“perhaps everything just exists, moves and interacts in all spatial directions”

 If this were the case, then would matter be able to be in the form of computers, and would professor Carroll be able to type the sentence

 “-- if we're allowed to refer to things as "ancient" under the supposition that time isn't real.”

 Or

 “the moon is made of cheese”, or any other valid, or invalid sentence.

 In other words, just using the word ‘ancient’ doesn’t prove the term is valid. In fact to be able to say or type the word ‘ancient’ requires only that matter exists, moves and can interact. SO, imo, the answer to the professors question, effectively [are we] “allowed to refer to things as "ancient" under the supposition that time isn't real.” May be “yes”, if we consider not the non-existence of an assumed but unproven hypothesis, but the logical possibility that the world is just as we see it, full of stuff moving and interacting.

 The past

This is why Q2 Q -2 “Is there actually ‘a past’ “, may be very important.

 We all seem to just assume the term ‘the past’ is valid, because we think we have books, photos, memories etc clearly relating to “it”. But in fact every such piece of evidence clearly, and only seems to just exist.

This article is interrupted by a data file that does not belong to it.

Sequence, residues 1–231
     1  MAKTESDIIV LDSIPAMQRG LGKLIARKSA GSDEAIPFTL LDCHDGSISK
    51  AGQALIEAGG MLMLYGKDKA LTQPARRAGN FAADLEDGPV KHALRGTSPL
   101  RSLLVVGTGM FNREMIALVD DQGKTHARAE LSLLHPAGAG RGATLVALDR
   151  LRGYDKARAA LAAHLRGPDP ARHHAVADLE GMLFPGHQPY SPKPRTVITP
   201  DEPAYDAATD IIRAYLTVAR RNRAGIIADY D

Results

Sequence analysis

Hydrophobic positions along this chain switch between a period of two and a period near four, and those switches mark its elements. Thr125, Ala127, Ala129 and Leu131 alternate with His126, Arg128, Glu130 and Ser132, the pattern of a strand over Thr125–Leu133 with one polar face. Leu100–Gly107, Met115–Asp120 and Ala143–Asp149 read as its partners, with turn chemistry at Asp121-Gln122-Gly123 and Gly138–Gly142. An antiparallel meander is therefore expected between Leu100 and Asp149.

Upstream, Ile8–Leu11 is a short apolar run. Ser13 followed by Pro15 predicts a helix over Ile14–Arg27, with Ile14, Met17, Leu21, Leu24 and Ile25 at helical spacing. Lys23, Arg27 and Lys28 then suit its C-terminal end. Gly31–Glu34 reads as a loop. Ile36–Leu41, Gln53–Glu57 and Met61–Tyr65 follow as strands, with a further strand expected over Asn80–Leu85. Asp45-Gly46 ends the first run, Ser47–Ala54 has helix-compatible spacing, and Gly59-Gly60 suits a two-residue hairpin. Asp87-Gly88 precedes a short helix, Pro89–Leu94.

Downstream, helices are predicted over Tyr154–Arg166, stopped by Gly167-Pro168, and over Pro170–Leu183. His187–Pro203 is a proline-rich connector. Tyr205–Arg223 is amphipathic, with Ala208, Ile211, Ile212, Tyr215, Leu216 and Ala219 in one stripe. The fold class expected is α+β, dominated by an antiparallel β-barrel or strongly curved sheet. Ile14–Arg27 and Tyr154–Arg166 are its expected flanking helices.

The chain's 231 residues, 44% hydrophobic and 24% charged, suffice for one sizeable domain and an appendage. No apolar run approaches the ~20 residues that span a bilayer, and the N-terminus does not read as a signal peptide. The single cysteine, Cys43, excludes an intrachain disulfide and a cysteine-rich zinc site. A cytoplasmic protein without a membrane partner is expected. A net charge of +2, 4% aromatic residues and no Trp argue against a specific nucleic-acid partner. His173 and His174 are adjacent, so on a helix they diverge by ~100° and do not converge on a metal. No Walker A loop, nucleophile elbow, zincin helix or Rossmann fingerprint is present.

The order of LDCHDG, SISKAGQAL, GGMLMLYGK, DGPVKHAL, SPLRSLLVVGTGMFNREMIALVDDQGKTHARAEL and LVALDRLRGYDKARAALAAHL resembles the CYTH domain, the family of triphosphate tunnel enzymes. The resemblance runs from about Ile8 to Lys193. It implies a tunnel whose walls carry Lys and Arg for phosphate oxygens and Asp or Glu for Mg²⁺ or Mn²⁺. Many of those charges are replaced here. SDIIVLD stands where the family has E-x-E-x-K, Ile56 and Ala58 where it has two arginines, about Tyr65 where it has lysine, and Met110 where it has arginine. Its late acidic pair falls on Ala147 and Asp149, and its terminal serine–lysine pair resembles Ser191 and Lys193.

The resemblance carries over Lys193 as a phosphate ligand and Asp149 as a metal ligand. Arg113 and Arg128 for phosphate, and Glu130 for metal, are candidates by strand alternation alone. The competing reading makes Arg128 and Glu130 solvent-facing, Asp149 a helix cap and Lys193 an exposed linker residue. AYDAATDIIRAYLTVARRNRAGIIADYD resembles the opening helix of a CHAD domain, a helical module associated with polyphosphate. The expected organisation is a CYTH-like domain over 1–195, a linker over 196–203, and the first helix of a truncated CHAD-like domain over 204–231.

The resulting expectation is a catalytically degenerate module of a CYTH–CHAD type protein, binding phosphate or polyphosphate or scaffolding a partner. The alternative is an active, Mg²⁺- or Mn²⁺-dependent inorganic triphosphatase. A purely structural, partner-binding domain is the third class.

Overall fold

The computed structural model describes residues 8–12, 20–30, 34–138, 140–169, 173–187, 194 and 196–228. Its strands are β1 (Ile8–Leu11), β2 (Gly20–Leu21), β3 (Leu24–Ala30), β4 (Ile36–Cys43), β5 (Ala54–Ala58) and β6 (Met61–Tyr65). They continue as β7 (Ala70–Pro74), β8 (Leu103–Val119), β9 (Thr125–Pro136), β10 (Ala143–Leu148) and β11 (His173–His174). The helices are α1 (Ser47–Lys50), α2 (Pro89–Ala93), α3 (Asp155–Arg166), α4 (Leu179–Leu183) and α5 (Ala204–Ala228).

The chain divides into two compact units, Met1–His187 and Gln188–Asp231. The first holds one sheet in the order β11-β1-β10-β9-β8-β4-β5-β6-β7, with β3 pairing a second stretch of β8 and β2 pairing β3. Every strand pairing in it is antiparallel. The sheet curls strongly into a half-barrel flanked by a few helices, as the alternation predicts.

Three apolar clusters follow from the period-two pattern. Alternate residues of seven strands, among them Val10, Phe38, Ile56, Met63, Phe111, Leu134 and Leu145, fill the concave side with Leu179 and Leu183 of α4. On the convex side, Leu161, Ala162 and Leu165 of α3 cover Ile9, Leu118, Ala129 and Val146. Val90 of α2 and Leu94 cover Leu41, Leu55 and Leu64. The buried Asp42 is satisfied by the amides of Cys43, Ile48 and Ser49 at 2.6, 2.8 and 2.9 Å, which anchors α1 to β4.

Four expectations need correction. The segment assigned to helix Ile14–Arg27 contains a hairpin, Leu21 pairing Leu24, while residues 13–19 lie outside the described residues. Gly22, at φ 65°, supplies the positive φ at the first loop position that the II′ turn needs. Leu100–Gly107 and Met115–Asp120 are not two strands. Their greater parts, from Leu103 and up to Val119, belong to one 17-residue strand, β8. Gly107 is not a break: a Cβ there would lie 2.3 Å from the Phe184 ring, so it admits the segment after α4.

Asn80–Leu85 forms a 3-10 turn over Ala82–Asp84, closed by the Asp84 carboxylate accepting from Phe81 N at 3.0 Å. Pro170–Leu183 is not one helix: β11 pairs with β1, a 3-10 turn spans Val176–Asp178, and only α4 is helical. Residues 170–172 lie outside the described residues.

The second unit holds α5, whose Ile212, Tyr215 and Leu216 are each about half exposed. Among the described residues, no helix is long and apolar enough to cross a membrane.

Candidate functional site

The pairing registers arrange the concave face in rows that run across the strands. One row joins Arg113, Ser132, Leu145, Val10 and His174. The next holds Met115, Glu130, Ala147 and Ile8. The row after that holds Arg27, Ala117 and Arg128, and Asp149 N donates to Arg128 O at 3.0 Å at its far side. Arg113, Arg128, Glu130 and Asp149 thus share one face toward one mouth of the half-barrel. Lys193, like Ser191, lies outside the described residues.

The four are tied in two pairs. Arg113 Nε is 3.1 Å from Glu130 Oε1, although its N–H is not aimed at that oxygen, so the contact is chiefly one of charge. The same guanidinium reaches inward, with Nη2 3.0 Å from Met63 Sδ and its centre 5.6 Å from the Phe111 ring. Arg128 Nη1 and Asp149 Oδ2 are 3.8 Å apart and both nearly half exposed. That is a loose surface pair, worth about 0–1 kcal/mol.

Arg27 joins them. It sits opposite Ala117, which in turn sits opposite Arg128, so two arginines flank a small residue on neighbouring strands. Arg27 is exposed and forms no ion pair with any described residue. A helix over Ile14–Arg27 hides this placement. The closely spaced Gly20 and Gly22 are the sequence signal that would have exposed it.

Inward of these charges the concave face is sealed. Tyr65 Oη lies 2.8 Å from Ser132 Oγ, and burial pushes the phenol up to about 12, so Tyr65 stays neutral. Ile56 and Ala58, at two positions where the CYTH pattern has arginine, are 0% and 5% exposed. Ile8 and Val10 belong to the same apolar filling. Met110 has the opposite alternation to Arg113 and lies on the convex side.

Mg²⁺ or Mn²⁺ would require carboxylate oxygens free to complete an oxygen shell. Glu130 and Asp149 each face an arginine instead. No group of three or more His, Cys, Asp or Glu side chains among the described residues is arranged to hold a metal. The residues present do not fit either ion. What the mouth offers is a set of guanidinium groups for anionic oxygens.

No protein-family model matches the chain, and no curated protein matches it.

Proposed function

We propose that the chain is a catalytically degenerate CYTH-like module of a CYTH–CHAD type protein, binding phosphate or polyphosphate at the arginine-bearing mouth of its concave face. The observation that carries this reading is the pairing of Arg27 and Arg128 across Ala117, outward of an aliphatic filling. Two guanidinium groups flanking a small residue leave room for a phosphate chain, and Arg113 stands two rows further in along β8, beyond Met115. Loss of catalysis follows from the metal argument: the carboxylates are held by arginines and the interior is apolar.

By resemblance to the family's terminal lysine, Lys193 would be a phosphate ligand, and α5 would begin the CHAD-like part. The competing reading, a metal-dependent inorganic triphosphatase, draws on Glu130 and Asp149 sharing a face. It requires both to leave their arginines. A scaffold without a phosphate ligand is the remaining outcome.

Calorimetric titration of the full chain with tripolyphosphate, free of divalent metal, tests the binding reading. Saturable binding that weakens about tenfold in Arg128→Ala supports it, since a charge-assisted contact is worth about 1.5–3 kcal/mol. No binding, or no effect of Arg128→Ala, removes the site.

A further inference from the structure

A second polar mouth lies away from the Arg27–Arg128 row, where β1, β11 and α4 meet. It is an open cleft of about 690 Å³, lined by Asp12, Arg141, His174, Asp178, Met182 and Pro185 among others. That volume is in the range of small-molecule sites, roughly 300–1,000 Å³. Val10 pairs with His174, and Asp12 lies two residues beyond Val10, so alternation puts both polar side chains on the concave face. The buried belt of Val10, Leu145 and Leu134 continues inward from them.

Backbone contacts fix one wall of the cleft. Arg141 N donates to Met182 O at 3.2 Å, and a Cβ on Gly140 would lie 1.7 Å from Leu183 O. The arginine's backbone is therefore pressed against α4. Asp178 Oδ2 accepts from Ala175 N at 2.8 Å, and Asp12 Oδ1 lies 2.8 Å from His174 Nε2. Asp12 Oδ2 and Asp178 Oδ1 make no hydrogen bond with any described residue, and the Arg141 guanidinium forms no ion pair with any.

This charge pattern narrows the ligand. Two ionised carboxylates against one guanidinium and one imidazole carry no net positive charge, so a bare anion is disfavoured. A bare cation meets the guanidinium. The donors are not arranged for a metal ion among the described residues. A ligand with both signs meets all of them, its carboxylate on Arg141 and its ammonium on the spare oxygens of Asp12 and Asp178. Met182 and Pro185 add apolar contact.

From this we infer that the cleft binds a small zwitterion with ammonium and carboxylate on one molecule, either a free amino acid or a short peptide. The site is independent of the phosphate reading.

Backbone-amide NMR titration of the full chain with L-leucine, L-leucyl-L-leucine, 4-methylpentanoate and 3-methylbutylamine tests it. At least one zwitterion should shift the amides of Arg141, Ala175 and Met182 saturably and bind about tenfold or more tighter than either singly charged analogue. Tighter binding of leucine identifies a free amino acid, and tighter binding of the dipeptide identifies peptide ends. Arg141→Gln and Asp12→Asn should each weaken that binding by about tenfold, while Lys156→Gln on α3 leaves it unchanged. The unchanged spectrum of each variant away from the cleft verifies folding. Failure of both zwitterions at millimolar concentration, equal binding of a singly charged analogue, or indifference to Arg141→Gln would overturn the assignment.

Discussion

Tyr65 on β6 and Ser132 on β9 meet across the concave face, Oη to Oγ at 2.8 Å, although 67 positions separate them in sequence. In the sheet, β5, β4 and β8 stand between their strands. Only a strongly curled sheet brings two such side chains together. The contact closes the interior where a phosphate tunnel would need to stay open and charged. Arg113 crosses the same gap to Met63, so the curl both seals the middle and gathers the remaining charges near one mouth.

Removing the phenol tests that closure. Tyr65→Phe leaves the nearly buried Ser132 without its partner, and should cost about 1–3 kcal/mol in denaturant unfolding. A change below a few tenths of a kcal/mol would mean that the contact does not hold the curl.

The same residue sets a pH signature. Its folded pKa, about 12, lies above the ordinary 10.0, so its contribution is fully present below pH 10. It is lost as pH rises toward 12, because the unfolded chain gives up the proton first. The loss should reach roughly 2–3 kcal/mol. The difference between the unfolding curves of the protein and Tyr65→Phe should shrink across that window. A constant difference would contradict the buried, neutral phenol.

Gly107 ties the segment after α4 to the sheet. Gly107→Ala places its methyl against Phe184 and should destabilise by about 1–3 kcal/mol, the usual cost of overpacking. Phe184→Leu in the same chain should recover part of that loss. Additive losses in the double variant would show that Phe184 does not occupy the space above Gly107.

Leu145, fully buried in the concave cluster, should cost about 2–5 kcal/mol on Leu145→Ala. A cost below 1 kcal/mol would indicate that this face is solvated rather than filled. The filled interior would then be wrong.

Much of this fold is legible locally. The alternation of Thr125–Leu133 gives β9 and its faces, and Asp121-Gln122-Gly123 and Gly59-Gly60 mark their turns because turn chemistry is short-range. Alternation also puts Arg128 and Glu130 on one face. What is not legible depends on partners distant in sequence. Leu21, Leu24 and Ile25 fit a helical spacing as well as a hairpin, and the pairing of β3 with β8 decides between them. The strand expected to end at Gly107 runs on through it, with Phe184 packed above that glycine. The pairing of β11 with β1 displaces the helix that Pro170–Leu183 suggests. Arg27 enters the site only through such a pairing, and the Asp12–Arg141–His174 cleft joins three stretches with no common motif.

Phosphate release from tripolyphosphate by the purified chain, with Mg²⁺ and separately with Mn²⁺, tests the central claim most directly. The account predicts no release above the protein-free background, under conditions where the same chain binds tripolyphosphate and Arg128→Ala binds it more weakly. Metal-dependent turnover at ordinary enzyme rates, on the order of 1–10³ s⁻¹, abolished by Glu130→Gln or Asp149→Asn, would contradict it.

Consider your own memories. For one to be being formed light may reflect off an object, hit your retina and be causing some of the existing contents of your mind to change formation.

 This is evidence that matter exists, moves, and interacts, but is in no way at all evidence that where matter is doing so “ a thing called time exists, and is passing”, also it is in no way evidence at all that “as things exist and interact the universe creates and stores a perfect record of all events in a thing or place called ‘the past’”

Conclusions to the contrary seem only to be incompletely thought out assumptions – specifically assumptions built on the blind assumption ‘time exists’ and assumptions not even checked out against the possibility that “perhaps matter just exists and interacts”. (please correct me if I am wrong).

 The future

We ‘say’ that we can consider a thing or place called ‘the future’ ( and likewise, very unscientifically no one seems to have even defined if this is even a thing or place, let alone defined an experiment to support the hypothesis).